Arlington, TX Fire, Mar 1909
Arlington Fire Burns 3 Stores
Total Loss on Buildings and Contents Will Approximate $15,000
Carlisle Students Aid Fire Fighters
Rush From Academy and Begin Systematic Efforts to Save Property.
Fire, starting from a defective flue, leading from the Home cafe, caused a loss of approximately $15,000 at Arlington Wednesday morning. Three two-story brick buildings on South Center street, were practically destroyed, but in two instances most of the contents were saved. The stock of the People's Lumber company was saved from catching fire with difficulty.
Further destruction was prevented by consistent work by the Arlington Volunteer fire department and the student body of the Carlisle Military academy. The work of the latter was so prompt and systematic as to bring about a popular subscription toward a purse as a mark of appreciation.
When the blaze was discovered the second story of the building occupied by the cafe was filled with smoke. In these apartments were eight sleeping rooms, not occupied at the time of the fire. Some few personal effects were saved but so rapid was the spread of the flames that but little could be rescued.
The flames spread both to the east and west with the result that soon the G. E. LUTTRELL grocery store on the west, the cafe beneath and the W. G. GHORMLEY jewelry and music store on the east were all ablaze.
A general alarm was sounded at 10:15 o'clock and the Carlisle students left their studies and hurried to the fire, where they gave aid in fighting the flames.
Loss About $15,000.
The heaviest loss was experienced by Mr. LUTRELL, whose stock was valued at $8,000, with insurance to the amount of $3,500. The building was owned by J. D. COOPER and was valued at $3,500, with no insurance. Only the walls were left standing.
The loss at the Home Cafe is estimated at $1,500, with no insurance. The building was owned by GEORGE LAMPE, who valued it at $3,300 and carried insurance in the amount of $1,000.
MR. LAMPE also owned the building occupied by the Ghormley stock, which was valued at $10,000. MR GHORMLEY's loss on stock is moderate as nearly everything was moved from the burning building. A carload of pianos placed in the store Tuesday, was saved.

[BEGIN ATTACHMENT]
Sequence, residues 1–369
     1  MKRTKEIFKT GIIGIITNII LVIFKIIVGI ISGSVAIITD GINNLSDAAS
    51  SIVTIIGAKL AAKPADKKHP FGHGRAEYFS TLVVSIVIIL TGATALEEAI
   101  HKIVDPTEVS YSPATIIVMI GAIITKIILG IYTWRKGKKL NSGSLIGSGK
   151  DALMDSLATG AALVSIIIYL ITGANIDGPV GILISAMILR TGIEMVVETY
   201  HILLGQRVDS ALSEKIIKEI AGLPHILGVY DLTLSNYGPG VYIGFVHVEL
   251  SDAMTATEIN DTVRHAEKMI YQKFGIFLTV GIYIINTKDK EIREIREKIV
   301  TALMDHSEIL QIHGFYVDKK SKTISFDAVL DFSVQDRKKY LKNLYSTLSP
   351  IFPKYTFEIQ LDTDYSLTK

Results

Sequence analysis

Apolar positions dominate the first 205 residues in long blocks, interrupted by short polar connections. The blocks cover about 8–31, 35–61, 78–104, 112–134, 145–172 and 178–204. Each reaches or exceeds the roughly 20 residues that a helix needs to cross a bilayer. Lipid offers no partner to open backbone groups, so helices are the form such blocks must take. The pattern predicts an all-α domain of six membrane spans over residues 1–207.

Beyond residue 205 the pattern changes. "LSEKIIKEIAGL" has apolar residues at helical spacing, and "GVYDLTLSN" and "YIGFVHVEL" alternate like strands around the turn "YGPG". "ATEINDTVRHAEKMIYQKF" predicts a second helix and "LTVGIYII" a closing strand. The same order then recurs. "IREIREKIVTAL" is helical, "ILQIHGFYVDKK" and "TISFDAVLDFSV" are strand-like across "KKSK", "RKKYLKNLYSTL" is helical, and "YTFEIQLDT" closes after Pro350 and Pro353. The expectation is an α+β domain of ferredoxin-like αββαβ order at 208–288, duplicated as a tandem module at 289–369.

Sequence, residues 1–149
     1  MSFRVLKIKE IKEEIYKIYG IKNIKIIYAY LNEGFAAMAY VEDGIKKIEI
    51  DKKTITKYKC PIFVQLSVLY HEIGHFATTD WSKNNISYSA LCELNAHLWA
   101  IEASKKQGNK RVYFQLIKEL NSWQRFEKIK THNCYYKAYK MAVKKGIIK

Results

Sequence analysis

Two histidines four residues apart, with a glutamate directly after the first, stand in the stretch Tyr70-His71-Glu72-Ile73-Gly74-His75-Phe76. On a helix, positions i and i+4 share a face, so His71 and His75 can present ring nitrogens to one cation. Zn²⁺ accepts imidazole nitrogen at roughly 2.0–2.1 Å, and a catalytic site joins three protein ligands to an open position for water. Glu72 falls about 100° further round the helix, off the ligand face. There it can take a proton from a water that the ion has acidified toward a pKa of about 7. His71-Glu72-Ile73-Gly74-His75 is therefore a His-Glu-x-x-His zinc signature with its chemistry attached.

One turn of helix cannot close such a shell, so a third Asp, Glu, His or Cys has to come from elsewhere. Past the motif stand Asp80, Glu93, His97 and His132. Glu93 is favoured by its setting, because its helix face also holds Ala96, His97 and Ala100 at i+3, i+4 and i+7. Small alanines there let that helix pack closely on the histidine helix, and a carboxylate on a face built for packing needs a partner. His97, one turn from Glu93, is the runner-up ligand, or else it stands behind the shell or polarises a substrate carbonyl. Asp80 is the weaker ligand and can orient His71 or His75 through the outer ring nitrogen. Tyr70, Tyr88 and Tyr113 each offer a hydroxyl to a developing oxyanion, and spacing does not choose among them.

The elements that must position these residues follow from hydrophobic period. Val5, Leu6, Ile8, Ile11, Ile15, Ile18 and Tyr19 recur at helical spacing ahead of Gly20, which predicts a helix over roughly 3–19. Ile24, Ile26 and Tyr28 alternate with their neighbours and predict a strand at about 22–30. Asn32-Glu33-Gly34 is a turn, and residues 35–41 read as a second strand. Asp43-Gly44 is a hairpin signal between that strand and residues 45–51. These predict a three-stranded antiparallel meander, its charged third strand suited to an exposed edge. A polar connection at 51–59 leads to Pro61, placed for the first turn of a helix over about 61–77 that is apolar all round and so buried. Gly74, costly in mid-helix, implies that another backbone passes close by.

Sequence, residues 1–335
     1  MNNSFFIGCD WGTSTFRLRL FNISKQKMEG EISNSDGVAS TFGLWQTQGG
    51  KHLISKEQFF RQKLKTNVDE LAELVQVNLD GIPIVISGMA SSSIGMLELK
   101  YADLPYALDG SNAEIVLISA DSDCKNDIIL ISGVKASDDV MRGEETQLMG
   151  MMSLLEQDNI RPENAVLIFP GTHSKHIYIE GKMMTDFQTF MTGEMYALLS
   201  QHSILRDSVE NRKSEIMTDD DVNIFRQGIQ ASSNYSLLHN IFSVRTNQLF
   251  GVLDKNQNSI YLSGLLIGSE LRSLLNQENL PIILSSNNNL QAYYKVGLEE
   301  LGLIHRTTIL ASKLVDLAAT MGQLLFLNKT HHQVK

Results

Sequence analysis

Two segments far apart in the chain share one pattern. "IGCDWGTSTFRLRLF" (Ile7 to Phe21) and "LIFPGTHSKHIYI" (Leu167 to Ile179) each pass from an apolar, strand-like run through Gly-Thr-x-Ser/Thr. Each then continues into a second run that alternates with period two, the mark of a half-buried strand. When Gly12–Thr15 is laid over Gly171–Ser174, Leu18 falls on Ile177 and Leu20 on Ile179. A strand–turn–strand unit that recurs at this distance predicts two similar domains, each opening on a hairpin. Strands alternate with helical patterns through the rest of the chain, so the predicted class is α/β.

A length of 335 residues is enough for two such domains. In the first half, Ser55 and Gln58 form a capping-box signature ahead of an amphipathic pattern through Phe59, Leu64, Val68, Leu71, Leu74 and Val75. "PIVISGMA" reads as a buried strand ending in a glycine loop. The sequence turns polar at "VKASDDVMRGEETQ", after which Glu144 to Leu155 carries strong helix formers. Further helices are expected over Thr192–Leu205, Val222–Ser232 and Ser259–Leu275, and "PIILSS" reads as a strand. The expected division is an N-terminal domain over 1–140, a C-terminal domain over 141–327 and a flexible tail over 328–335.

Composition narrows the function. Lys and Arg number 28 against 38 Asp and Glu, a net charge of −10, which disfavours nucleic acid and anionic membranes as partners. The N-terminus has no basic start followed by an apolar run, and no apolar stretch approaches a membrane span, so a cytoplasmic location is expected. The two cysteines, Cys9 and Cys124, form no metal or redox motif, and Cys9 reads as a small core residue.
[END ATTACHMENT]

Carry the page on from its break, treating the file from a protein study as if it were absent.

Above the Ghormley store were the offices of DR. J. R. COLLINS, whose loss is estimated at $500. Including a lately installed static machine; the office of JUDGE S. B. McBRIDE, whose loss is $500, including his library; the library of REV. R. S. HALL, which was valued at $300. These three losses carried no insurance.
Fire Fighters Injured.
During the fire, which continued for nearly two hours, ROBERT McKNIGHT was overcome by smoke and TOM LEE painfully but not seriously cut on the neck by falling glass. By the time of the arrival of the Fort Worth combination chemical and hose wagon and a steamer, hurried to Arlington over the interurban, the fire was under control.
Excitement was so great during the fire that goods were removed to the street and the children of the public schools ignored orders from their teachers, attending the fire in excited groups.
Several of the merchants figure their damage will be considerable from goods moved during the fire.
MRS. BECKER, whose dramatic art studio was above the Ghormley store, suffered a complete loss, which is estimated at $500. The entire furnishings and office effects in the interurban depot were removed during the fire, which was directly across the tracks.
Fort Worth Star-Telegram, Ft. Worth, TX 10 Mar 1909